One of the things I enjoy when I have the time is designing and making quilts. This post shows all my quilting projects, starting with my most recent projects and going down to my first. Sadly it’s been a long time since I’ve had any time for this.
For most of these images, click to see a larger photo.
Ribbon and Blues
I liked where I was going with my design on “Joyce’s Shadow Garden” (see below), but it wasn’t quite right. This new quilt was the next try, and Eureka! I love this quilt! I have finished writing the pattern, but I have not had the time to make the second quilt to test the pattern, so I will send the pattern for free to the first few people who ask me for it, in exchange for you sending me your feedback on the pattern.
Jen and Ron’s Wedding Quilt
After making quilts for so many other people, I decided to make one for myself. I chose the “Sampler Magic” quilt pattern by Lori Smith, (available here), but just as I was about to get started, my good friend Jen announced her engagement, so this became a wedding quilt.
I set out to design a quilt that would be attractive and be more complex than merely a bunch of blocks, but would be simple enough to complete the top in one weekend. I also wanted it to have spaces to show off elaborate fabric. This quilt would be a nice lap-size quilt or a baby quilt, depending on the colors and fabrics you use. This quilt is about 40 inches square and the first one of my designs that I documented and have made it available to purchase. (There are also tiles with this pattern available for purchase over here.)
This 8-ft square quilt was completed in 2007. It took me about 2 years to finish (including the time it took to design), and has about 3200 pieces. I designed it intending to enter it in competitions, but by the time I finished I was so tired of the giant blank spot on my office wall that after exhibiting at just one show I hung it up and just said no to more exhibiting. I had the quilting done by a pro — Janet Murdock. I enjoy doing my own machine quilting, but for a show piece (or something like a wedding gift or other “heritage” type of project) it’s well worth it to have it professionally done.
Joyce’s Shadow Garden Quilt
This quilt is the result of one of my first ventures into quilt designing. The fabrics didn’t quite turn out as planned, and this is how I learned my lesson about ordering samples first when buying fabric online!
Soft Baby Quilts
I discovered an amazing fabric called Minkee — an incredibly soft plush that is ideal for babies. It’s very stretchy and I don’t have a serger, so I used a very simple pattern. I made three of these quilts in one weekend. There was abundant lint all over my sewing room — but the finished product was worth it. (Yes only two are pictured here… I forgot to photograph one of them before giving it away.)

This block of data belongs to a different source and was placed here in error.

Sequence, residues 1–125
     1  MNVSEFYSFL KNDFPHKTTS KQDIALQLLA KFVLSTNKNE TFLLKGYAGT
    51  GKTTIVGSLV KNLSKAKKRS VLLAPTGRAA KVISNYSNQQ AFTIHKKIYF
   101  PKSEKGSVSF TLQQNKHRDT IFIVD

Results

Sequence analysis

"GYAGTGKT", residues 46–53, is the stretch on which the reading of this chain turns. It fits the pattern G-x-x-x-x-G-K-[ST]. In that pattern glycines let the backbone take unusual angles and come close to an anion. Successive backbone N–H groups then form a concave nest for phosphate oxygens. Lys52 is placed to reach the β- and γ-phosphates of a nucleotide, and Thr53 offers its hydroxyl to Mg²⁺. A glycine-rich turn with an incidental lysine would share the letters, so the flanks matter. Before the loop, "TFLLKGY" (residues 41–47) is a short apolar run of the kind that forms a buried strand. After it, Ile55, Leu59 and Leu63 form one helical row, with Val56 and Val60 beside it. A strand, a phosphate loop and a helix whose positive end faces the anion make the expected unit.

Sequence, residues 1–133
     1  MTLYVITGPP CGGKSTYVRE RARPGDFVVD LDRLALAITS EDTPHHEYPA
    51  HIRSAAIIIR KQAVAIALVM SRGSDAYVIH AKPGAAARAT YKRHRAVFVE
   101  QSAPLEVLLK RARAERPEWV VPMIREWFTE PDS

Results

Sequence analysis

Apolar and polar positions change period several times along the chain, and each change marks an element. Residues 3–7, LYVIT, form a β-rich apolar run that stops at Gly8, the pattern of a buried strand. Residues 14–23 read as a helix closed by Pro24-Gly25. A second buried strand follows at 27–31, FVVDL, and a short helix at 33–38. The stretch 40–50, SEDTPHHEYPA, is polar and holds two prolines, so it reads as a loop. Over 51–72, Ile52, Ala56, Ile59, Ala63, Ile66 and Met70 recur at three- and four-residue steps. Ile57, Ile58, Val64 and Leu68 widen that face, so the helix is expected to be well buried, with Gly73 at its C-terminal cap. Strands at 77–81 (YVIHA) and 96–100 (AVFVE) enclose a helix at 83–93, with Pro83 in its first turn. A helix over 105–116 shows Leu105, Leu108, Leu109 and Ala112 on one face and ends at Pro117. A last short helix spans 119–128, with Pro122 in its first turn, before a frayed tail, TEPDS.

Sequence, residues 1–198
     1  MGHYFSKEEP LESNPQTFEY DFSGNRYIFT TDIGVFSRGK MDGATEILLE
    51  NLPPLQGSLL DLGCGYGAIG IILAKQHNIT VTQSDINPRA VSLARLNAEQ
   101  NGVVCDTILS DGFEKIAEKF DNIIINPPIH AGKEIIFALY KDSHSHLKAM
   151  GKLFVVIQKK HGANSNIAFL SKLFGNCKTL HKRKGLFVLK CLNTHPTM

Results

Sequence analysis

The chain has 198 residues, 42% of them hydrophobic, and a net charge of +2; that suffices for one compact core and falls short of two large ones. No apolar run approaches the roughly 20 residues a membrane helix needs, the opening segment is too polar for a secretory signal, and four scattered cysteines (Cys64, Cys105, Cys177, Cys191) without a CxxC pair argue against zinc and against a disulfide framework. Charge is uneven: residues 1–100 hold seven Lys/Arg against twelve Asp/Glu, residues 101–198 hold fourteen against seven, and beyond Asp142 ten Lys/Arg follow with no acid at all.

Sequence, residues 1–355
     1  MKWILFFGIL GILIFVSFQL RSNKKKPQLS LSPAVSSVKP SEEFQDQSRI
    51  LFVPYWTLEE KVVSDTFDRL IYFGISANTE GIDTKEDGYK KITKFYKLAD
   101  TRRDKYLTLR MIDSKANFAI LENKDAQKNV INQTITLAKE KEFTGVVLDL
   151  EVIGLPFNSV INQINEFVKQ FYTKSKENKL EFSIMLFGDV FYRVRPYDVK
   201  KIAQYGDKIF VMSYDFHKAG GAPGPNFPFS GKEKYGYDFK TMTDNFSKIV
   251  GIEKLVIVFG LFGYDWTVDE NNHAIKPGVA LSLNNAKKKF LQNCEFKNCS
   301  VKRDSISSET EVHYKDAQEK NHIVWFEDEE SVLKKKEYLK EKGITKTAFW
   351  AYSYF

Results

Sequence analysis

Joyce’s Flowered Trellis (set of 4 quilts)
This series of four flower quilts were made using the paper piecing technique. I used Carol Doak’s book “Fifty Fabulous Paper-Pieced Stars” as the starting point, then I modified the block patterns quite a lot by removing all the “star” elements to reveal the flowers, then adding the trellis. These quilts took seventeen months to complete (and the adventure included a trip to the emergency room when I sacrificed a fingertip to my rotary cutter – Yikes!). The quilts are named in honor of my mother, Joyce Mattson, who, if she were alive today, would be shocked to learn that I followed in her footsteps to become a quilter.
When I first decided to try quilting, I bought this kit and then put it away for that “someday” when I was skilled enough to do it. (This is my typical approach to learn something new: set an absurdly ambitious goal then set out to learn all the tasks and skills I’ll need in order to accomplish that goal.) This is an awesome quilt! It was designed by Jinny Beyer, available here.
When my mother passed away in 2001, she left behind a walk-in closet packed full of beautiful fabrics, and several lap-size quilt tops. They needed borders and then to be assembled into finished quilts. This is one of those quilt tops. I added the border and quilted it to give to Laura, my stepdaughter and Mom’s only granddaughter. It was a great experience: it was like Mom and I worked on this project together for Laura.
Baby Quilt for Douglas
This was my third quilt, and the first non-practice/non-sampler quilt. This is from the “Nickel Quilts” book by Pat Speth. It is Queen-size: with the border it’s about 120″ square. I quilted it using my standard sewing machine which was beyond difficult! Lesson learned: send my quilts to pro quilters whenever possible! Most of the fabrics in the quilt other than the backing and border were inherited from my mother’s collection.
For this quilt I used fabrics from the extensive stash I inherited from my mom. Using a beginner’s book, I started learning the basics of block-making. The finished quilt lives in a basket in the living room so it can be used on a chilly evening on the couch with a good book.
First Quilt: Patchwork Test for Pop, then Glenn
This was my first learning quilt. I found a bag of squares my mom had already cut out and I figured this would be a great way to learn how to even use the sewing machine. I gave the finished lap-quilt to my father-in-law. Later when he passed away, I gave it to the husband of my good friend Nelda. When he passed away, I decided the quilt was having a poor run of luck so I put it into storage. (In this pic I hadn’t yet finished the binding.)